Duct tape discipline?

I assumed newly patterned duct tape was intended for art projects, but it seems some parents, teachers, and caregivers are using it as a time-out option.  To be perfectly clear, I do not find the act of duct taping a toddler to a wall or taping close a teenager’s constantly running mouth facetious.  It is yet another example of how any immature imbecile can have kids and prove themselves worthy of my immature name calling by posting Facebook pics of duct taped-kid handiwork.  The absurdity is what makes me laugh, just like when I watch the dumb criminals show on TV.  Teachers and daycare workers who are trained and paid to curb child behavior must have lost some of their minds to believe kids deserve to be duct taped.  I imagine all those perspectives change dramatically when the police show up to let them know in crystal-clear fashion that they do not see the humor, nor find it justifiable.  In 2011 parents received 30 to 36 months in jail for duct taping their kids and last week a daycare worker in Kentucky was charged with first degree child abuse and is facing up to ten years for taping a toddler to the floor during nap time.  Toddlers are chocked full of energy and curiosity and they lack impulse control, traits that they will also exhibit as teenagers when it’s even harder to assert one’s authority over the independent hellions.  I do not often judge other parents.  I had my turn and made hundreds of mistakes.  I defended the Mom who admitted to drinking wine the night that her baby was stolen from her home because Moms get blamed for everything.  It isn’t as if she was breast-feeding.  Wine and parenting are frequent partners, especially after little ones are tucked in for the night, and almost assuredly when the kids are sleeping over at Grandma and Grandpa’s.  The most any parent can hope for is to not saddle a kid with emotional ghosts that subtract from their ability to find joy.  Duct tape restraints definitely fall into that no redeeming value category with potential of turning a kid on to a bondage fetish or worse.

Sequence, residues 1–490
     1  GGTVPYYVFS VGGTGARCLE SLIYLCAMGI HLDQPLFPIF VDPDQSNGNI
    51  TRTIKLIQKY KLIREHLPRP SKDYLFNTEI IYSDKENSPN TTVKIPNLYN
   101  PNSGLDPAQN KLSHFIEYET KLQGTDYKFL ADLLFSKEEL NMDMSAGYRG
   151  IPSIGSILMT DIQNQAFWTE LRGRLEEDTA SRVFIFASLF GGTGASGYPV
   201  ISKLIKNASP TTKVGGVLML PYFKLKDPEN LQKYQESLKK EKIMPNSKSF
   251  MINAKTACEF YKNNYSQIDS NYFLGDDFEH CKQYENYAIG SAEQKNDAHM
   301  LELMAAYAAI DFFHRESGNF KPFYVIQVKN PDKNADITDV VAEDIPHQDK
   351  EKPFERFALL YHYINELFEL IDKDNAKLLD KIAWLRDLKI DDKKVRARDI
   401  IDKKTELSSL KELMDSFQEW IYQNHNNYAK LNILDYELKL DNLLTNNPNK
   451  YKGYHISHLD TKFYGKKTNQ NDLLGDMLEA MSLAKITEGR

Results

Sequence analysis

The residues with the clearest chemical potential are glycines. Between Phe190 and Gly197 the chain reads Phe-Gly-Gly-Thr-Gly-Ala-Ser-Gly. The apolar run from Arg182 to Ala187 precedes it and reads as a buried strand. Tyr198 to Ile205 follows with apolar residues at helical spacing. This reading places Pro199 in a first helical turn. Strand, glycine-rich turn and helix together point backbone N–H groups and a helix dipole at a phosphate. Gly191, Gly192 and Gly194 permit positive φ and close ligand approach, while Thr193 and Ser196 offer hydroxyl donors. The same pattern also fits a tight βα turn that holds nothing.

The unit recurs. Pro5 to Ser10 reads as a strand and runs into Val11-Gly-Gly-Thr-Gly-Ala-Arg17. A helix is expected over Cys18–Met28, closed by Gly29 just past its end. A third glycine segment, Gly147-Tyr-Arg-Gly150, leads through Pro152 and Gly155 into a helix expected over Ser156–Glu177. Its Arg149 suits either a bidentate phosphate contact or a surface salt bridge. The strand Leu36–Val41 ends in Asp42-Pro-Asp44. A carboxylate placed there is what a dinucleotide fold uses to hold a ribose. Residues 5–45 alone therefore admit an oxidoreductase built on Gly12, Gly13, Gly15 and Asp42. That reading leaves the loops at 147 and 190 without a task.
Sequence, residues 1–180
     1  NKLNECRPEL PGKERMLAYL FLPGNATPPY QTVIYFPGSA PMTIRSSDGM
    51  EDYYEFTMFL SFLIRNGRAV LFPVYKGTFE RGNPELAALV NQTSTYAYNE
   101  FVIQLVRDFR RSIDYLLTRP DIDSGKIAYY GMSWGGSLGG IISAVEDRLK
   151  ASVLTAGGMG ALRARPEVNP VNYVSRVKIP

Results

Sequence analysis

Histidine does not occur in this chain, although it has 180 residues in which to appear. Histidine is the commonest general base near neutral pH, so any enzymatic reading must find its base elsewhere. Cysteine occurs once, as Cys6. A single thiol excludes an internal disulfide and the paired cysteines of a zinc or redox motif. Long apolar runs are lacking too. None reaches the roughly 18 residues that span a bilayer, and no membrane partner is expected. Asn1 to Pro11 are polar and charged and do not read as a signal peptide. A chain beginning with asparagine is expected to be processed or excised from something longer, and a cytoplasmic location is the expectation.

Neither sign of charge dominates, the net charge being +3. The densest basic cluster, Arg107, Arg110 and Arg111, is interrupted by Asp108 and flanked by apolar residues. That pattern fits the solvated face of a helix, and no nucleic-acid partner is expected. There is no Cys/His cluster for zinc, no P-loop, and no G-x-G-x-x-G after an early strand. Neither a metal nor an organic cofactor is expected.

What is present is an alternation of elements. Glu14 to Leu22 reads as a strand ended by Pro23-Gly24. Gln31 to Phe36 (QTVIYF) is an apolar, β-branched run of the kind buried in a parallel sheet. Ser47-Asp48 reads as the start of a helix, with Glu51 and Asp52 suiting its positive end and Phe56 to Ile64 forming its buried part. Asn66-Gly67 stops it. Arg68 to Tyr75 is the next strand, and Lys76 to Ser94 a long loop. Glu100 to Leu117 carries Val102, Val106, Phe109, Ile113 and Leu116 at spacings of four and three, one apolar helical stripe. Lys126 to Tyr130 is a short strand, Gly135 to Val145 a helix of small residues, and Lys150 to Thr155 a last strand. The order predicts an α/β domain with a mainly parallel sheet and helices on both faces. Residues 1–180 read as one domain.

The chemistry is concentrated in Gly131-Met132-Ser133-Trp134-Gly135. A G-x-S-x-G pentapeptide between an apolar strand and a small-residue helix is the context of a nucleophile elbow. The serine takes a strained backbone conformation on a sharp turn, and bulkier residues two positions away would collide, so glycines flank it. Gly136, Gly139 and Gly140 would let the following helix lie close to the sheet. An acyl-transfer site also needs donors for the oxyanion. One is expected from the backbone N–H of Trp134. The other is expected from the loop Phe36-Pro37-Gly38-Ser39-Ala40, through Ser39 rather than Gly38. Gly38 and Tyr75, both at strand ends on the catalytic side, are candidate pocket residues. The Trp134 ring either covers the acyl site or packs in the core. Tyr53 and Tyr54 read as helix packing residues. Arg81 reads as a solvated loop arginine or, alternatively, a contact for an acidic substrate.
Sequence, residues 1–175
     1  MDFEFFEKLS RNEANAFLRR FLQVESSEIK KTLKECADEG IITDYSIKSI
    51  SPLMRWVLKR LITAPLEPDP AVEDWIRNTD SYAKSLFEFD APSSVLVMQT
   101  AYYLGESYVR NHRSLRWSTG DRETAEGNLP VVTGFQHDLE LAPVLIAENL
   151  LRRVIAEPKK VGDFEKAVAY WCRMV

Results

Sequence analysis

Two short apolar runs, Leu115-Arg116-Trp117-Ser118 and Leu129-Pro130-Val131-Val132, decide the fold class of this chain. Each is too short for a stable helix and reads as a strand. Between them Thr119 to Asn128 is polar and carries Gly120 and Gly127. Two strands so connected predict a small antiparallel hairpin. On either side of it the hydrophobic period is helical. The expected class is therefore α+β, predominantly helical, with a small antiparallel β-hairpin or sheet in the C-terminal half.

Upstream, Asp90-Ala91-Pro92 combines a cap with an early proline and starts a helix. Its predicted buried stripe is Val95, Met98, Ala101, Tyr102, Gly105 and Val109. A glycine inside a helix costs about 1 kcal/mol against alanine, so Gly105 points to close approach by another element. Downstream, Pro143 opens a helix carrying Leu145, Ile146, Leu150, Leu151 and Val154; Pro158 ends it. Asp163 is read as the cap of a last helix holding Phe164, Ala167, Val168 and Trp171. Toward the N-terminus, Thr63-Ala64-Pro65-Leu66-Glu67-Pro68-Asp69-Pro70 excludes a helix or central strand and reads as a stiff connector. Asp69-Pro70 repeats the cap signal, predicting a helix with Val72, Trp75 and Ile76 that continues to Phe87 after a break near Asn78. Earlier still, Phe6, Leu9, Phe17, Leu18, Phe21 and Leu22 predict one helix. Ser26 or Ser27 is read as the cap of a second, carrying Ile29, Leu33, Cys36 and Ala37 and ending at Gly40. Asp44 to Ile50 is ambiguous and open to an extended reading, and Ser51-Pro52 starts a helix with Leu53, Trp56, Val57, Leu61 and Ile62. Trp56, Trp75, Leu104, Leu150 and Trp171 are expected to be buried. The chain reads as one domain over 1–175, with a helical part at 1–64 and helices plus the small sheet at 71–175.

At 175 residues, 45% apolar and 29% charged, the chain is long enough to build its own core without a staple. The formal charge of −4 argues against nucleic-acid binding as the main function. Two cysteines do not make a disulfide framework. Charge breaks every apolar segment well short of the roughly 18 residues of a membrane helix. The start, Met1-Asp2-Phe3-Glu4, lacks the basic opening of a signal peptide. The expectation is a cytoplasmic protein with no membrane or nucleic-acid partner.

When you think about it, is a time-out for the kid or for the parent?  My own toddler would not sit in a time-out chair for more than 10 seconds because she could not be still that long.  At first I spent a lot of time arguing with her, always an exercise in futility.  Toddlers just don’t grasp logic and no amount of reasoning convinced her that sitting in a chair for 5 minutes was a doable consequence for naughtiness.  Having been raised on whippins myself,  time-outs were crucial to my sanity and her survival, so I exiled my daughter to her bedroom where there weren’t any toys to distract her at bedtime.  Or so I thought.  I wrongly surmised that she was willing to stay in her room because she could move about  until I discovered her project in the deep recesses of her closet.  Apparently, she had smuggled in crayons and her time-outs were used to create a huge mural on 3 walls that stretched 3 feet up from the floor.  It was one of the many moments that my baby was instantly forgiven due to my love-blind admiration of her creativity and inability to control my laughter.  During her toddler years I developed a litmus test for offenses that were worthy of discipline and lasted throughout the years we were learning together.  Naughtiness that fell into the safety and values categories were what I chose to focus on, the remaining temper tantrums, whining, making messes, embarrassing me, and general naughtiness all fell into the being a kid category.  Life as a Mom became easier once I realized that I did not need her compliance to validate my position as boss and stopped having power-struggles with my 2-year-old.  So, although I understand how some parents and caregivers may consider duct tape as harmless discipline or as one defendant put it, “a fun game that he asked us to play”, I urge them to let a child duct tape them to a chair for a much-needed adult time-out.  And good luck convincing them to let you go free.

My good friend and loyal blog follower David alerted me to this article in yesterday’s New York Times about a teacher who takes absurdity to the next level (and beyond really).



  1. elroyjones · February 28, 2012

    You are so right. The only punishable offenses should be safety violations, running out in the street etc., values offenses, being mean and spiteful to others. Everything else gets a pass when you’re a little kid.

  2. David · February 1, 2012

    Taking Absurdity to the next level: Today’s New York Times Article about adding live cockroaches.

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